The effort is the other point, because it is so obviously not easy for him. David Gower was adored from the minute he eased his first ball, a short one from Pakistan's Liaqat Ali, to the square-leg boundary. Not many batsmen "ease" a pull shot. Cook was admired from the minute he crossed the continents to make 60 and a hundred in Nagpur, in his first Test, but it has taken him a long time to be so loved.

It was revealing to see the dressing room at the moment of his hundred. Anderson, a man given neither to hyperbole nor a love-in, jumped up and down like an infant child with a smile wider than Cook's. Out in the middle, Root hugged Cook like a mother might a child. In the crowd, the two fellows next to me knew all about Cook - his stats and records and history - and boasted of watching him make a couple of hundred in Brisbane and another at Edgbaston. How far and wide they travel!

An innings that had begun without promise - skittishly ineffective, you might say - had become one of the innings of his life. Later that night, he admitted the fear of embarrassment, especially after the second brain-numbing welcome to the crease. He was out straight after Root - the next ball, in fact. But it mattered not a jot. Everyone stood and this time cheered as if the Ashes had been won.

Each one of the Indian players came to shake his hand, a series of acts that seemed to surprise him. Halfway back, he stopped and turned to the crowd, raising his arms aloft in the way that a prizefighter celebrates a knockout. Then he was gone, up the steps and away to the sanity of the dressing room and a life of batting in the shires.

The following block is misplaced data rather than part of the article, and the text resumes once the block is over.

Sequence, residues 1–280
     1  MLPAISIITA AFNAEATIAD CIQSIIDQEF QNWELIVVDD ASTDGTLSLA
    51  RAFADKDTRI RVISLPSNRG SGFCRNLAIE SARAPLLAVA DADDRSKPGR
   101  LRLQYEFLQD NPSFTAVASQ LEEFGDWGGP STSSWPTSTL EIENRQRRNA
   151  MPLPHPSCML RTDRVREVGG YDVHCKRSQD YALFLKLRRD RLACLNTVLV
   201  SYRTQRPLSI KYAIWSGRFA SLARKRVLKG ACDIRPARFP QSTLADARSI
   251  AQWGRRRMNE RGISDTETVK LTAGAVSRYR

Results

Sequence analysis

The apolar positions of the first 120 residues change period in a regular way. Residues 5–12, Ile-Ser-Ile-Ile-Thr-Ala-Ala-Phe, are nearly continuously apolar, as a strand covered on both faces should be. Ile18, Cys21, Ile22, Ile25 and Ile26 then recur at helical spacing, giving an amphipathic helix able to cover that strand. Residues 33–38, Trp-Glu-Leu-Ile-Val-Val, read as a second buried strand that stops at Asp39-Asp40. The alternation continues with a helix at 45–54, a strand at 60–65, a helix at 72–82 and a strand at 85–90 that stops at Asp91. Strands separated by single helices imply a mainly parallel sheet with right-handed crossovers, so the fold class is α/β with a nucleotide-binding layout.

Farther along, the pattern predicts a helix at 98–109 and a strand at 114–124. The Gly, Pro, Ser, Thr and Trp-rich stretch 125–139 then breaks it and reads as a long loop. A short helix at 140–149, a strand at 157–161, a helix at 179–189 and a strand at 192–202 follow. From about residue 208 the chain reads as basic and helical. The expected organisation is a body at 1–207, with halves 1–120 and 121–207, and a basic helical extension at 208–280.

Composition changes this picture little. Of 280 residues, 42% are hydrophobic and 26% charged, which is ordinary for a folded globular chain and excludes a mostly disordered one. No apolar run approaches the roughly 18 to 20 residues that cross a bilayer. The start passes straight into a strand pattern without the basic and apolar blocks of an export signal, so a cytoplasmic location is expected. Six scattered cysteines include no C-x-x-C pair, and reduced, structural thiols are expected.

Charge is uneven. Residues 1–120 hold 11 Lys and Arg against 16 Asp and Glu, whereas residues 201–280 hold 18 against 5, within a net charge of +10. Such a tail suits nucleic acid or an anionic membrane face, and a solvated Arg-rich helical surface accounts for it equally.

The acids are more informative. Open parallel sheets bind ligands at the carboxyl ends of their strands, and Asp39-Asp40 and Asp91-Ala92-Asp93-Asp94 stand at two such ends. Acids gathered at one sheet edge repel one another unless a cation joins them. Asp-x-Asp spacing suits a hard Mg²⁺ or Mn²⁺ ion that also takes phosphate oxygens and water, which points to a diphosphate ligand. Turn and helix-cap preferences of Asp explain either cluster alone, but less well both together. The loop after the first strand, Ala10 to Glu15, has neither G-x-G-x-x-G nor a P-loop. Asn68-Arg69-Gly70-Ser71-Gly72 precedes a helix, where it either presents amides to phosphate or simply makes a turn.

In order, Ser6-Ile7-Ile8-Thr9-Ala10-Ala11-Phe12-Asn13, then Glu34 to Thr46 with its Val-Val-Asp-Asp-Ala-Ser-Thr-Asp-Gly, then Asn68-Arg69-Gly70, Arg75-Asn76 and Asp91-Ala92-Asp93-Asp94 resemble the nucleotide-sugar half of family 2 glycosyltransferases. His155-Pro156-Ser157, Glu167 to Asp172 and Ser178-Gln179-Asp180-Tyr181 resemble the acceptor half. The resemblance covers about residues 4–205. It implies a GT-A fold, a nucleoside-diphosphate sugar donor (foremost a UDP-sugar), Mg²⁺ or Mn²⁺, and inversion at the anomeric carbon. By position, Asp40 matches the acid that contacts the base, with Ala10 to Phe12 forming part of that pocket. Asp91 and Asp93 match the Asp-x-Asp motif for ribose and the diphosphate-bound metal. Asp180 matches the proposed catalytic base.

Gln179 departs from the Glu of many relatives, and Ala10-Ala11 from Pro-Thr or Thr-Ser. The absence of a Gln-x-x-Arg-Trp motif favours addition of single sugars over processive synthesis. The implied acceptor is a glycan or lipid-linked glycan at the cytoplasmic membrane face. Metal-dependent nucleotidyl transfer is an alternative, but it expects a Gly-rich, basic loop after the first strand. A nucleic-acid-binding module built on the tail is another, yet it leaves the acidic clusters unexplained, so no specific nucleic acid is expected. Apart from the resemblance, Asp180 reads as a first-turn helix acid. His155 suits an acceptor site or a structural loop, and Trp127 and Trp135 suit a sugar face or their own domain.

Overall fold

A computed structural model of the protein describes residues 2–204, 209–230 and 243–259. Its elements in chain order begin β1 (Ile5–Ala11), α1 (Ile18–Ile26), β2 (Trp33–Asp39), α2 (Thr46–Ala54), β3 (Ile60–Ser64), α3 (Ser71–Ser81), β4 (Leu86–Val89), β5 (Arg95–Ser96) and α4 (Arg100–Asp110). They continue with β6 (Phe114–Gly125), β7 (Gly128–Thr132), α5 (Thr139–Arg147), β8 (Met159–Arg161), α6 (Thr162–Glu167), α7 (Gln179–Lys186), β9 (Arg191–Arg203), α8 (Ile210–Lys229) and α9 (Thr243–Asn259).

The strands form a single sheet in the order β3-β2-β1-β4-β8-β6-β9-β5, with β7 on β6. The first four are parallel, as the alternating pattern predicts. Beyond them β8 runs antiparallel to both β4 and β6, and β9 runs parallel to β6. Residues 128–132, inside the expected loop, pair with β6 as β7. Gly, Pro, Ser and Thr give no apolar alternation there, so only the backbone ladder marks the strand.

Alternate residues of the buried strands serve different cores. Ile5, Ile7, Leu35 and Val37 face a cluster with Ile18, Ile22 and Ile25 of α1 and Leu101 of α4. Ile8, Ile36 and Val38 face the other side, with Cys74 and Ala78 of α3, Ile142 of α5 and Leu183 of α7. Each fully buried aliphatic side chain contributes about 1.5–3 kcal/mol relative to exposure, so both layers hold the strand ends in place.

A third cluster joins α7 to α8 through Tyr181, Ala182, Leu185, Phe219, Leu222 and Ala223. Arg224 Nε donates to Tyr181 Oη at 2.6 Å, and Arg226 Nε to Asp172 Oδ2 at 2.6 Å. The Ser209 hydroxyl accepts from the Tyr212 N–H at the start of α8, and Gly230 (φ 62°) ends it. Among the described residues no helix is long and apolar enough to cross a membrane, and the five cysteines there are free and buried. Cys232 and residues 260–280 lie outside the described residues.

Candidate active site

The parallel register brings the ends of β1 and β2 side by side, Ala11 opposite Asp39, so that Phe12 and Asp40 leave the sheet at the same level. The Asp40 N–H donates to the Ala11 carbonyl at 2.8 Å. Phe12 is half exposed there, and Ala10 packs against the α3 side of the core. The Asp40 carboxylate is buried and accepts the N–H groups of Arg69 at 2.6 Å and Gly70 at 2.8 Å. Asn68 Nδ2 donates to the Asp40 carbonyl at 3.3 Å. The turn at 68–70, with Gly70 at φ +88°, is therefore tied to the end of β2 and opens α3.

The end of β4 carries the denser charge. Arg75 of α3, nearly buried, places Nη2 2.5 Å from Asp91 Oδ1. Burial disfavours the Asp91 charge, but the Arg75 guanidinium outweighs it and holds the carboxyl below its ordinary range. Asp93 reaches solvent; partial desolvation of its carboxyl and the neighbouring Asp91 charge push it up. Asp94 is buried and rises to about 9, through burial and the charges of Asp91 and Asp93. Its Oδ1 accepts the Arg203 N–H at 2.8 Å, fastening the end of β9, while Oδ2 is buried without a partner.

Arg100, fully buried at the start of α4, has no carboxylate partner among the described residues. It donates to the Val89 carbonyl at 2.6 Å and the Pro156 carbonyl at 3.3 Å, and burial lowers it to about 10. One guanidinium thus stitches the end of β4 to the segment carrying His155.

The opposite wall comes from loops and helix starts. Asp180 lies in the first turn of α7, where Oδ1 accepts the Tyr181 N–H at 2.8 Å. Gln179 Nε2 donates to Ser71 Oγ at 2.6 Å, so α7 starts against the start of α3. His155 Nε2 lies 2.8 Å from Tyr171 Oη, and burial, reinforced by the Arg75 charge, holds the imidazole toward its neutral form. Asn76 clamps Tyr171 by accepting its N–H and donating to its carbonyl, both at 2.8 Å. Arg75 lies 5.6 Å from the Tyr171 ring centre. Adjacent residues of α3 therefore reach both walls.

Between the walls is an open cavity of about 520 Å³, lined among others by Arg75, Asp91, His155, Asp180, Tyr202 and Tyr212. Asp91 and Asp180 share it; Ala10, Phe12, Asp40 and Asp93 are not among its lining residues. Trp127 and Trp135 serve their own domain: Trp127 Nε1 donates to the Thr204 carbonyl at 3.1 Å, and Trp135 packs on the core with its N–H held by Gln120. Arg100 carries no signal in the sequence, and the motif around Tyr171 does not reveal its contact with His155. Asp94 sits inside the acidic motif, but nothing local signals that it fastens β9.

Tuesday, September 11
We are in the middle, 20 minutes before play. "It's all been a bit surreal," said Alastair. Indeed it has. "You couldn't have scripted it. I think we can say that sometimes dreams do come true," he added.

He sung in the choir at St Paul's and was a grade-eight saxophonist who won a music scholarship to Bedford School. In his first summer he was watching MCC play the school 1st XI when he was called upon to field because the visitors had arrived one short. Chasing down the school total, MCC lost a few wickets and told him to pad up. He made a hundred and MCC won the game. "Is that true?" I asked him. "'Fraid so," he replied.

Now he was back at slip, shuffling from end to end, sometimes carrying the helmet that short leg might need. No catches came his way and the one thing, the only thing, he really wished for was that James Anderson's 564th wicket would bring victory for England. Well, it did. Of course it did! "One hell of an achievement, the skill, the fitness, the courage to keep going, the longevity." Indeed. They are close friends - same peas, different pods.

Us Channel 5 folk interviewed him at the end and began by giving him a special bottle of champagne. I said, "Your whole career in England has been on Channel 5. You started in the summer of 2006, the day we started." "Well," he said, "you've lasted longer than me then." Only just, I reminded him. Might he consider changing his mind, given such pristine form in the match? "No! This incredible occasion confirms my decision. I'll miss the dressing room and the competition, but it's time to move on from everything else. It's been coming for more than a year now, not just from these past few months." A perfect ending, then? "Oh yes, a fairy tale...with a lot of hard yards to set it up." And Anderson? "England's greatest cricketer. We take him for granted but we shouldn't. It was so fitting that he knocked out middle stump to claim the record and the Test for England. It'll be fun tonight..."

Goodbye Cookie and good luck. The game is better for your place in its history.

Mark Nicholas, the former Hampshire captain, presents the cricket on Channel Nine in Australia and Channel 5 in the UK